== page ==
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4:46am

Mon August 25, 2014
All Tech Considered

As Ferguson Unraveled, The World Found A New Way Of Watching

Originally published on Mon August 25, 2014 3:42 pm

When protests over the shooting of Michael Brown turned violent in Ferguson, Mo., livestreaming videos showed Americans what they couldn't see on TV.
Screen Grab From KARG Argus Radio Video

In Ferguson, Mo., on Monday, Michael Brown, the unarmed 18-year-old shot by a police officer, will be buried. Beyond watching on traditional media outlets, many members of the public may be able to see the event live over the Internet.

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2:00am

Wed August 20, 2014
Business

Ex-Microsoft CEO Ballmer Steps Down From Company's Board

Originally published on Wed August 20, 2014 11:52 am

Steve Ballmer, the new owner of the Los Angeles Clippers, is stepping down from Microsoft's board. Ballmer, who recently resigned as Microsoft's CEO, is the largest individual shareholder of the company.
Justin Sullivan Getty Images

Former Microsoft CEO Steve Ballmer, 58, has resigned from the company's board citing other time consuming commitments including his new ownership of the Los Angeles Clippers.

Tuesday's announcement closes a chapter in Ballmer's 34 years with the software giant. He remains the largest individual shareholder in the company.

Ballmer spent $2 billion of his roughly $20 billion fortune on the Clippers purchase, which a judge confirmed last week.

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5:21pm

Mon August 18, 2014
All Tech Considered

How Long Do CDs Last? It Depends, But Definitely Not Forever

Originally published on Tue August 19, 2014 8:27 am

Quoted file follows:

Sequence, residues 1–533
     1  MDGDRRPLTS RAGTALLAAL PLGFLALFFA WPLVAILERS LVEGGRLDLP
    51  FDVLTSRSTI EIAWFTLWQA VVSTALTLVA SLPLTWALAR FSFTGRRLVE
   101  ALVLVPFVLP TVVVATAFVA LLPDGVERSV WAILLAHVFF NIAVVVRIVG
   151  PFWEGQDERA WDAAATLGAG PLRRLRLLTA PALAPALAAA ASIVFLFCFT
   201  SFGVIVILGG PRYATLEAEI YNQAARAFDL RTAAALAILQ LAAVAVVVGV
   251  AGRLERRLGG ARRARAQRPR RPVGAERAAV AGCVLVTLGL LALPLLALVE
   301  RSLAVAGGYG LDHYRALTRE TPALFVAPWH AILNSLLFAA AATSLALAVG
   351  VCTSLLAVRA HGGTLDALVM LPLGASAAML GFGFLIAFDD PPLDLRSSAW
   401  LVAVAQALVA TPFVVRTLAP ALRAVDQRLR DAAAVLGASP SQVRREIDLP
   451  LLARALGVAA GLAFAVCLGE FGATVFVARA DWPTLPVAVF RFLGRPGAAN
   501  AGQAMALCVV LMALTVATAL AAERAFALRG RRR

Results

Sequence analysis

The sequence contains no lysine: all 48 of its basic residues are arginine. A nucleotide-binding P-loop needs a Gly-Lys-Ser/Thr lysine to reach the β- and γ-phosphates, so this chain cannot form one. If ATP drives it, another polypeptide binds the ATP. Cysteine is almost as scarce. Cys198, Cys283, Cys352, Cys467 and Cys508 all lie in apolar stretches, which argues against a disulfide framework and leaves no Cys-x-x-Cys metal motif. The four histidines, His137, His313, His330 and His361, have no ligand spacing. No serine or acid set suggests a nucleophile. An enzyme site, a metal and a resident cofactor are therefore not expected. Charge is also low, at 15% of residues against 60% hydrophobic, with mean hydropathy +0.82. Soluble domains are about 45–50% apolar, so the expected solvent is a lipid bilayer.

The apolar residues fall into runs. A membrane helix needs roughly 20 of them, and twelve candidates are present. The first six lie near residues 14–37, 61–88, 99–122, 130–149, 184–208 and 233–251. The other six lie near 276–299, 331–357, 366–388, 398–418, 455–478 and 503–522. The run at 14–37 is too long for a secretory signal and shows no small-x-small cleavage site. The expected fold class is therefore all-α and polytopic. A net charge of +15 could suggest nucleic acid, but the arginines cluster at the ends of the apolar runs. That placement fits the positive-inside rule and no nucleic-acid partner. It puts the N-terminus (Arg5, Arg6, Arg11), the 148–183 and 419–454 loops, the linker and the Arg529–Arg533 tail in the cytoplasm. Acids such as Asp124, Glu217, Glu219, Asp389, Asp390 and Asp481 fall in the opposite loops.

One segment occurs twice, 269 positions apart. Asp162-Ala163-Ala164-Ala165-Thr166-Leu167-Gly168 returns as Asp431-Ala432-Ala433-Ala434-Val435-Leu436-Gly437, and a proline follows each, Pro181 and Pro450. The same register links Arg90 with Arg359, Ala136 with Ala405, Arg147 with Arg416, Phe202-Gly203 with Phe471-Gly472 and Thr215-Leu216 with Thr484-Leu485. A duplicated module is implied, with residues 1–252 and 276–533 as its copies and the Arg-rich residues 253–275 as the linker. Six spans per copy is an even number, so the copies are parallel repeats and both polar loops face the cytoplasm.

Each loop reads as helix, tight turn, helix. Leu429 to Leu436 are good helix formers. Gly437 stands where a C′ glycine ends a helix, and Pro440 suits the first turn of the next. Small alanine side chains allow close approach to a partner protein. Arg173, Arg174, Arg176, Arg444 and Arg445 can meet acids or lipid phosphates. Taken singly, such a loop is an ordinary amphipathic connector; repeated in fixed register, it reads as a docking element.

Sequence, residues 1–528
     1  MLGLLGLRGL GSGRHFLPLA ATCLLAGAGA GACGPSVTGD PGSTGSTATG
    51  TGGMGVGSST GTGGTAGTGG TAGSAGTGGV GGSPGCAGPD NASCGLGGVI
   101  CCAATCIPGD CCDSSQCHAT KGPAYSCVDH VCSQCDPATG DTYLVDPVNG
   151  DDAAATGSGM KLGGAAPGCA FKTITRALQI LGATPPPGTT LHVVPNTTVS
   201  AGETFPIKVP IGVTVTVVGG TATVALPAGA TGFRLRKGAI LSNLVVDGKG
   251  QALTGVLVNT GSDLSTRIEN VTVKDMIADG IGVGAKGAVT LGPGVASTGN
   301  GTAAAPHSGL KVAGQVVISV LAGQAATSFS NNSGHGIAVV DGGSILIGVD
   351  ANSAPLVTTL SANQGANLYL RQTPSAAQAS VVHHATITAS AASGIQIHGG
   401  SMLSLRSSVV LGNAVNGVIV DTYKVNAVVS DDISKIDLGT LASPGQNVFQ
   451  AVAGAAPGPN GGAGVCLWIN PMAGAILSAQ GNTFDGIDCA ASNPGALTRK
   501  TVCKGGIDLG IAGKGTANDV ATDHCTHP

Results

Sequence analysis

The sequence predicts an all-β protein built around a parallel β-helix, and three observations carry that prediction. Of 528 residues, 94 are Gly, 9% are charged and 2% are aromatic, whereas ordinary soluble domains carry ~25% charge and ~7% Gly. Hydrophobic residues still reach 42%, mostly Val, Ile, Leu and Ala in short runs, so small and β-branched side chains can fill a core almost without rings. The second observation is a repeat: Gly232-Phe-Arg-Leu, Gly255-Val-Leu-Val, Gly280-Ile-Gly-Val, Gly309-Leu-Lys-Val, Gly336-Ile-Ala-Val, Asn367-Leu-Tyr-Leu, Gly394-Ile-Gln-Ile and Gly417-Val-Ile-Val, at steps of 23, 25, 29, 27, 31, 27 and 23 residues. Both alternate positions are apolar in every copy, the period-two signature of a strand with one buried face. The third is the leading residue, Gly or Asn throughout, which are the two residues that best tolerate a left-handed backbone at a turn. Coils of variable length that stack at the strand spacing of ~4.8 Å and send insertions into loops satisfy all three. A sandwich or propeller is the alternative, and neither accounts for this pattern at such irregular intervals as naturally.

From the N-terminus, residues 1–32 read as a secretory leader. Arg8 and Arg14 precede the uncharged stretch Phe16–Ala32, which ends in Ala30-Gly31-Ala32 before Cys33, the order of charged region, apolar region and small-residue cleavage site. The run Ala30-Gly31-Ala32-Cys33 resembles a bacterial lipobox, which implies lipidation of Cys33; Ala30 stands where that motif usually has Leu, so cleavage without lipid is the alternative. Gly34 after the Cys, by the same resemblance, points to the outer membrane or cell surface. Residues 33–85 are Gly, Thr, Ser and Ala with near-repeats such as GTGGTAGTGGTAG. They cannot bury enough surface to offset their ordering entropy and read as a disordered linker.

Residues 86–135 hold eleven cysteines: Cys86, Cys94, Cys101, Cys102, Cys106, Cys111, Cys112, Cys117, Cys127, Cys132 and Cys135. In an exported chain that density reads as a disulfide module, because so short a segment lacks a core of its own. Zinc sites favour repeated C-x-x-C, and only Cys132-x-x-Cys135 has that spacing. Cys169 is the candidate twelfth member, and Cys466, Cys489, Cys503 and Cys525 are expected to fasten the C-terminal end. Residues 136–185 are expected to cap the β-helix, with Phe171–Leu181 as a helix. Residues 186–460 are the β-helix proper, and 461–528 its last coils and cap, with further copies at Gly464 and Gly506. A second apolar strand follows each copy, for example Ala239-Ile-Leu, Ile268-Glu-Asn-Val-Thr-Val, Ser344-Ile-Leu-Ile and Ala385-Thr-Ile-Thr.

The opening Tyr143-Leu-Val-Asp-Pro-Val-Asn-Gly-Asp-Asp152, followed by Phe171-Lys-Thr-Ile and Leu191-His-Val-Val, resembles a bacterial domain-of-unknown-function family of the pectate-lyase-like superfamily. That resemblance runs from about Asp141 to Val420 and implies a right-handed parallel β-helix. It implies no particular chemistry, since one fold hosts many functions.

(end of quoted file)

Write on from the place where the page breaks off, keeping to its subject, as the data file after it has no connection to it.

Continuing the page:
Many institutions have their archives stored on CDs — but the discs aren't as stable as once thought. There is no average life span for a CD, says preservationist Michele Youket, "because there is no average disc."
Sarah Tilotta NPR

Back in the 1990s, historical societies, museums and symphonies across the country began transferring all kinds of information onto what was thought to be a very durable medium: the compact disc.

Now, preservationists are worried that a lot of key information stored on CDs — from sound recordings to public records — is going to disappear. Some of those little silver discs are degrading, and researchers at the Library of Congress are trying to figure out why.

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4:39pm

Wed August 13, 2014
Race

In Hashtag Protest, 'Black Twitter' Shows Its Strength

Originally published on Wed August 13, 2014 9:14 pm

Following the shooting of Michael Brown, an unarmed black teen, many young African-Americans posted pictures of themselves on Twitter under the hashtag #IfTheyGunnedMeDown. They were protesting the damaging ways in which young black men like Brown are often portrayed in the media. The response demonstrated the scope of what's informally known as Black Twitter, a virtual community of African-American Twitter users.

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5:00pm

Mon August 11, 2014
All Tech Considered

A Good IT Person Needs To Be Half Technologist, Half Psychologist

Originally published on Tue August 12, 2014 1:37 pm

iStockphoto

5:14pm

Mon August 4, 2014
All Tech Considered

In Tech Marketing Jobs, Women's Successes Are Rarely Recognized

Originally published on Fri August 8, 2014 6:04 pm

Brooke Hammerling, the founder of Brew Media Relations, says she created her own firm because she got sick of a mix of dismissive tech guys and sexism inside some companies.
Christof Stache dpa/Landov